There are multiple aspects to Mystique at play in this issue and Buffagni captures her skills, her cunning and her frustrations in Krakoa. With a clean, almost minimalistic line, he doesn’t give a lot of distractions or disguises for Mystique, a shape-changing mutant, to hide behind. He captures her frustrations at having to play Xavier’s games. She also knows that she’s being manipulated, and Buffagni draws her spirit but also the pain and loss that drives her. Gho’s subdued coloring over Buffagni creates a longing atmosphere that reflects Mystique’s own desires. As everyone has secrets in Hickman’s comics, he reveals a big one here, establishing that Mystique wants more than her lover back - she wants her wife resurrected. In terms of representation in popular culture, it’s a huge moment for Hickman and Buffagni to take this often-implied relationship and finally commit it to canon - and even just for the context of this story, it allows Buffagni and Gho to show a Mystique who’s fighting for something more than just her own self interest; she’s fighting for the life of the most important person in the world to her.
Carving his story out of subplots, each issue of Hickman’s X-Men has concentrated on a different threat facing Xavier’s mutants. This issue returns to the Orchis Forge and their fight for mankind against the mutants, but they’re not the main threat in these pages. Mystique plays along with the politics of Krakoa because it suits her needs and desires. Hickman writes her from a place of ambiguity - while her motives are anything but ambiguous, he plants enough seeds of doubt in Xavier’s machinations. As Hickman’s long game plays out, it’s already becoming murky about who are the heroes and who are the villains. And planted firmly in the middle of that doubt is Mystique. This issue hints that ultimately she will be the one to burn down the dream of Krakoa, and we’ll need to keep reading to figure out if that’s a good thing or not.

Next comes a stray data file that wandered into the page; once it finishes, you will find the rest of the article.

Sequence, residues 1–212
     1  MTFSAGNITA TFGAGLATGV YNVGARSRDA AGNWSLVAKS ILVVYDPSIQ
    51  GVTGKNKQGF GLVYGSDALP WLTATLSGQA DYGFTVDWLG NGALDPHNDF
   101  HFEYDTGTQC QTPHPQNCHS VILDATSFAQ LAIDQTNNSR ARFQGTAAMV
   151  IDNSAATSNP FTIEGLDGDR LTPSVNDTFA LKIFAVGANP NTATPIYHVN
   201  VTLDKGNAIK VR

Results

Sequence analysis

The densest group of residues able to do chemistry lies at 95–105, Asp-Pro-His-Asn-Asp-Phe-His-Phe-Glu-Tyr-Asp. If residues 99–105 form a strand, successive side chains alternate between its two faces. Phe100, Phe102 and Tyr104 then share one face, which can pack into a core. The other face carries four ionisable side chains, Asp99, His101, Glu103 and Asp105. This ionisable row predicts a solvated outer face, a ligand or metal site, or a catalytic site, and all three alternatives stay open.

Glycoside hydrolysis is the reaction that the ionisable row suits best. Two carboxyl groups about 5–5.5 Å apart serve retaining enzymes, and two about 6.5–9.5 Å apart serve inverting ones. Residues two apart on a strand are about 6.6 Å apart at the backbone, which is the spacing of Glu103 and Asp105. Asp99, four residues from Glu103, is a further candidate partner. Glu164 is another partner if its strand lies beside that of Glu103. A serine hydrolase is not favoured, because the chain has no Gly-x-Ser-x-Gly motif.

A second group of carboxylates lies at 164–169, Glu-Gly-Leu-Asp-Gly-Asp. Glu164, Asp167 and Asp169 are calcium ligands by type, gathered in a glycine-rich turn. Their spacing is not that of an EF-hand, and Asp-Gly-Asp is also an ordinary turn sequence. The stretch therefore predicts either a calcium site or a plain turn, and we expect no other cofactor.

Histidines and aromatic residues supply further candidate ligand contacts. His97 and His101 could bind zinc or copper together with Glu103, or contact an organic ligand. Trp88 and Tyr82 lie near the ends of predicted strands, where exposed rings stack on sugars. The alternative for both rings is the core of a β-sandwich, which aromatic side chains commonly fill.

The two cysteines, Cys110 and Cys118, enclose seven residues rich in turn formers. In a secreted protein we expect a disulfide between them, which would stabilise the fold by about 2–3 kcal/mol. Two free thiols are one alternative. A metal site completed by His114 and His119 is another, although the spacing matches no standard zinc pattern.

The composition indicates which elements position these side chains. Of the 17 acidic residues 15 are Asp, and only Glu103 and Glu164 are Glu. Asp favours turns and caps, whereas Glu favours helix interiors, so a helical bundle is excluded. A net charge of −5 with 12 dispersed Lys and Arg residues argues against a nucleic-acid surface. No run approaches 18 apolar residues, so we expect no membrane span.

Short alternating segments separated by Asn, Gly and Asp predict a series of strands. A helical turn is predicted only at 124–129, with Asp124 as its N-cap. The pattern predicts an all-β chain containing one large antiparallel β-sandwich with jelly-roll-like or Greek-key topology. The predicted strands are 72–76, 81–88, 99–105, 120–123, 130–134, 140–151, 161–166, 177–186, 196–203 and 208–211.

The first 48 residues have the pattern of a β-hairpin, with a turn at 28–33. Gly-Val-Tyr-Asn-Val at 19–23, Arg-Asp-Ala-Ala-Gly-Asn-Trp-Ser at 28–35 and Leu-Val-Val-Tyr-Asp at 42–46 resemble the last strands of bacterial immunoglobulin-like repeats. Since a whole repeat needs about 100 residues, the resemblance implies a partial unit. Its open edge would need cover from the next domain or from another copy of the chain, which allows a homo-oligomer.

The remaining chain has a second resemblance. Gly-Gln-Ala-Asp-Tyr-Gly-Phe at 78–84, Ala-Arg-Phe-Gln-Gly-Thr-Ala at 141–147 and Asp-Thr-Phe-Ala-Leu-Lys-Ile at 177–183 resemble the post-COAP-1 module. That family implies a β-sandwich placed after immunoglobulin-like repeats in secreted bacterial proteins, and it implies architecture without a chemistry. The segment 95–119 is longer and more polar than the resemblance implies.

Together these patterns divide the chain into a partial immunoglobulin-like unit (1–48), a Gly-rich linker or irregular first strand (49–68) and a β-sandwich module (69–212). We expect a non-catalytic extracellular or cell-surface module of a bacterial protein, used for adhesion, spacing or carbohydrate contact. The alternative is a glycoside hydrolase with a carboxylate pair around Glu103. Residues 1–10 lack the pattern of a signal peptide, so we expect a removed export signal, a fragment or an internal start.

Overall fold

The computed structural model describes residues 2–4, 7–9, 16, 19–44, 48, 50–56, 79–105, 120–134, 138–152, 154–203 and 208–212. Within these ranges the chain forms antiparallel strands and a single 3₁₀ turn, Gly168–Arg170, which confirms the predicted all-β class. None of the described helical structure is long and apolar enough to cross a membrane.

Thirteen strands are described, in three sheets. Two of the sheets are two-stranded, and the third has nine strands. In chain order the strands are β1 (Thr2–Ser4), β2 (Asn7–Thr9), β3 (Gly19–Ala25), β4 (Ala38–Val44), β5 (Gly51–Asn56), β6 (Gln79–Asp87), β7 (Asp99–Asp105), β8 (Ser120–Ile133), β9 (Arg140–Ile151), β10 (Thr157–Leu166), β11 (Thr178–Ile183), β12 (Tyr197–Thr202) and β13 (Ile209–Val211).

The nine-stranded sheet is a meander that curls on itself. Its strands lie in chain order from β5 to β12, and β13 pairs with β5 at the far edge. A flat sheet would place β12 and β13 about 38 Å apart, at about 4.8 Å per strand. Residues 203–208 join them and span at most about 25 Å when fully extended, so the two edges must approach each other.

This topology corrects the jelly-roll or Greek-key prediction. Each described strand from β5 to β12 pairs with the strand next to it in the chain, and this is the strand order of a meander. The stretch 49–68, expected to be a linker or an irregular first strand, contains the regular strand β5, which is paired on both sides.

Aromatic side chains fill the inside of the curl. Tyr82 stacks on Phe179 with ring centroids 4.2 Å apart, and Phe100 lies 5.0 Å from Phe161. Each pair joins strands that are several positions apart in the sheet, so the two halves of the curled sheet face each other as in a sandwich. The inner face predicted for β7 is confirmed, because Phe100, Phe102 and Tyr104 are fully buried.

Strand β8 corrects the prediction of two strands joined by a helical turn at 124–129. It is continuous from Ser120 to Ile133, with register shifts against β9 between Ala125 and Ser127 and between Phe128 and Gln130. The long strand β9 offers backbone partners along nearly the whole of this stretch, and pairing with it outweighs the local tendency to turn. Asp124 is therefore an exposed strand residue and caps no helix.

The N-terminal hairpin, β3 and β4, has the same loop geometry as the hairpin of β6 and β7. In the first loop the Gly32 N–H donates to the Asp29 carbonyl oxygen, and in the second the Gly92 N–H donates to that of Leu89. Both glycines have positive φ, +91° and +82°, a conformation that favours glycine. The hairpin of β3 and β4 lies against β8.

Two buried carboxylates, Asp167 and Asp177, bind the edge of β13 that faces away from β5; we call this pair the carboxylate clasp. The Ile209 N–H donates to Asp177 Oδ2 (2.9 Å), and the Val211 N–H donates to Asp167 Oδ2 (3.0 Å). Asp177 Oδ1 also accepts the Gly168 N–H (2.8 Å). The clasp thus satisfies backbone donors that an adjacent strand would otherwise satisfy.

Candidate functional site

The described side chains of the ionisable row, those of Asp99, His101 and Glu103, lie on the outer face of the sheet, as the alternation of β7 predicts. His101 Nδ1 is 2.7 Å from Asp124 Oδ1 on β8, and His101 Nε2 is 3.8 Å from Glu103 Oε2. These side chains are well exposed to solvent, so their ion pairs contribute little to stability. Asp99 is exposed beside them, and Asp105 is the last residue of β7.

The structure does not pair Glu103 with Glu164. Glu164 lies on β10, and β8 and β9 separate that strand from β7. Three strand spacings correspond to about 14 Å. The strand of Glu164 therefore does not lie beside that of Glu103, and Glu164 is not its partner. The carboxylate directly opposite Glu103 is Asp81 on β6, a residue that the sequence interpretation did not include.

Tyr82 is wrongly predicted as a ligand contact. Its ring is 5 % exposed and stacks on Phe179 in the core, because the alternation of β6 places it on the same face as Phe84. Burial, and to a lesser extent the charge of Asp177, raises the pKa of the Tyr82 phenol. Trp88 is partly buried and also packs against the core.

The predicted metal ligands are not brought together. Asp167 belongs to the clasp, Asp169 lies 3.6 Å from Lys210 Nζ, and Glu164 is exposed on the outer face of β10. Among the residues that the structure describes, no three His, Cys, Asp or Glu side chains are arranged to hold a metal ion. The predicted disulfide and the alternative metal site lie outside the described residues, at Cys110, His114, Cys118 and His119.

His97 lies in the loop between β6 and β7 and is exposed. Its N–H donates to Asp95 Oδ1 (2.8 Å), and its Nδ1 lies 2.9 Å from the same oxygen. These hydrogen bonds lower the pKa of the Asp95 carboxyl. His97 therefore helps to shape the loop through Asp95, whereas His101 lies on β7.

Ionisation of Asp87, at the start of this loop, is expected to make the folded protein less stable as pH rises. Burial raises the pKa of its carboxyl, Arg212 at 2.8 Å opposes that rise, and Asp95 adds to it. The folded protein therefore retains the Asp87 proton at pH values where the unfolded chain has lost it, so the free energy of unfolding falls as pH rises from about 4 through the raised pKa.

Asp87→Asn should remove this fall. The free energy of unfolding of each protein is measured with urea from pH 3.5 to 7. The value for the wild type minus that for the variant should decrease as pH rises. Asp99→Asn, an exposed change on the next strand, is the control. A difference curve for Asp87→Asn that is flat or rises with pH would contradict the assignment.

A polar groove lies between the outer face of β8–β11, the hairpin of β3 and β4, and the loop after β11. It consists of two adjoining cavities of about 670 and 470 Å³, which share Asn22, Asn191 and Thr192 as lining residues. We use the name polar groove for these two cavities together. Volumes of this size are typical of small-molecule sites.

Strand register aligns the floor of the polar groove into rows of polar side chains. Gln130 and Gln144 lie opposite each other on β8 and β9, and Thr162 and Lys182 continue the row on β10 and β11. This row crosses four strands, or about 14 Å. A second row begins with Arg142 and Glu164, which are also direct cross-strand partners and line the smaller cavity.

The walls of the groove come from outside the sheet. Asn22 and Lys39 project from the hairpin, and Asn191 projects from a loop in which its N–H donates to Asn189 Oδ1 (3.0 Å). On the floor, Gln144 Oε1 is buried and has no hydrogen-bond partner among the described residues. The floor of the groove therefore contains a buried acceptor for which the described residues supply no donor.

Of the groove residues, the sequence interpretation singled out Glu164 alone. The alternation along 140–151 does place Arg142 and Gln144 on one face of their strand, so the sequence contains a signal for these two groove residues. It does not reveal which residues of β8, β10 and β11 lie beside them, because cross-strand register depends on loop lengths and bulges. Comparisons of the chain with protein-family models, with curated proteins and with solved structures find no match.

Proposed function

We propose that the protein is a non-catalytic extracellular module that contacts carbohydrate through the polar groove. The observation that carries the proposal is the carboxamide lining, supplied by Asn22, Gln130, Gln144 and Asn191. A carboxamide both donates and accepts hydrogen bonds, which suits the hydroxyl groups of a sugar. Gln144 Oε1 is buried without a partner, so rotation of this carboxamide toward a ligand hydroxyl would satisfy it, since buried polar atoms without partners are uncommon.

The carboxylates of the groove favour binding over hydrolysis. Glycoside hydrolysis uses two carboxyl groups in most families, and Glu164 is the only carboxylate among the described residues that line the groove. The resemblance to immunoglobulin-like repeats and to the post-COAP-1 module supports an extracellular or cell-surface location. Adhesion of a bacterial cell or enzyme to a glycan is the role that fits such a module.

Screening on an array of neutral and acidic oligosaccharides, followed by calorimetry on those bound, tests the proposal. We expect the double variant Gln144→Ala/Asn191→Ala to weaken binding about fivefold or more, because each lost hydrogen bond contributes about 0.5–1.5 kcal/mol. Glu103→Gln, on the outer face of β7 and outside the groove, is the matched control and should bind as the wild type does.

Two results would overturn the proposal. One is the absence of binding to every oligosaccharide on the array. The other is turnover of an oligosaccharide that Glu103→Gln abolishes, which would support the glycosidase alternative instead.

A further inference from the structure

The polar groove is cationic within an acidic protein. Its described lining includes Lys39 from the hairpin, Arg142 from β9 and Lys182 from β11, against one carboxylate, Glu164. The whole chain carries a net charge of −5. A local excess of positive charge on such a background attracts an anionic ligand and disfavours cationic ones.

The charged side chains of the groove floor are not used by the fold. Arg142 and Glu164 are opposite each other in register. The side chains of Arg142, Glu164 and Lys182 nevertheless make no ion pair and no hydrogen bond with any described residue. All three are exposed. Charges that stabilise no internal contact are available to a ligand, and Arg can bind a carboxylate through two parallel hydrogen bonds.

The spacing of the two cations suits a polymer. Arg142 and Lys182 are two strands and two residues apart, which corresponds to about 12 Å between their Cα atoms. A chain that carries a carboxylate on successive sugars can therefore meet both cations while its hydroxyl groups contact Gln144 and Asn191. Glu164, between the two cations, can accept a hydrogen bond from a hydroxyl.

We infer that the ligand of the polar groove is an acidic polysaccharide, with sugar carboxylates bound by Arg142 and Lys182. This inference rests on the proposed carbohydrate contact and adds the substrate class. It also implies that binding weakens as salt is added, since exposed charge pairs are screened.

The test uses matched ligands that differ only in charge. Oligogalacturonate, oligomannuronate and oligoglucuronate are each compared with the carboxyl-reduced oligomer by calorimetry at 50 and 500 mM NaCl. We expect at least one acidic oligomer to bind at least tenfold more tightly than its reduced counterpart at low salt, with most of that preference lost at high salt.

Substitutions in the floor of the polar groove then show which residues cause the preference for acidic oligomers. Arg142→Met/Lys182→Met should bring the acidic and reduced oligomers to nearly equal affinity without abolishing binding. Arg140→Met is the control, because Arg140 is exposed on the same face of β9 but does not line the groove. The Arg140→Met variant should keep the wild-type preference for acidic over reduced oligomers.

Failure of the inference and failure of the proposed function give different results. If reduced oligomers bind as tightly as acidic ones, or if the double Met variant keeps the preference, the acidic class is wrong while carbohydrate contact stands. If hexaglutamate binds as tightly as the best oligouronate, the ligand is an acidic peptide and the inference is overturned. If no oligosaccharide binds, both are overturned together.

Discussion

This issue injects a nice bit of personality into Hickman’s X-Men. As he’s explored the post HoX/PoX status quo, the X-Men have largely operated as pod people, believing, dying and being resurrected in the dream. Mystique dies and is resurrected, but she’s anything but a believer. Hickman and Buffagni portray her as the disruption in this carefully constructed system. The future will tell whether she’s on the side of the angels or whether she’s the agent of destruction in this story. But either way, Mystique is the one character so far in this series who has shown any evidence of being able to match wits with Hickman’s Xavier and stand up to him.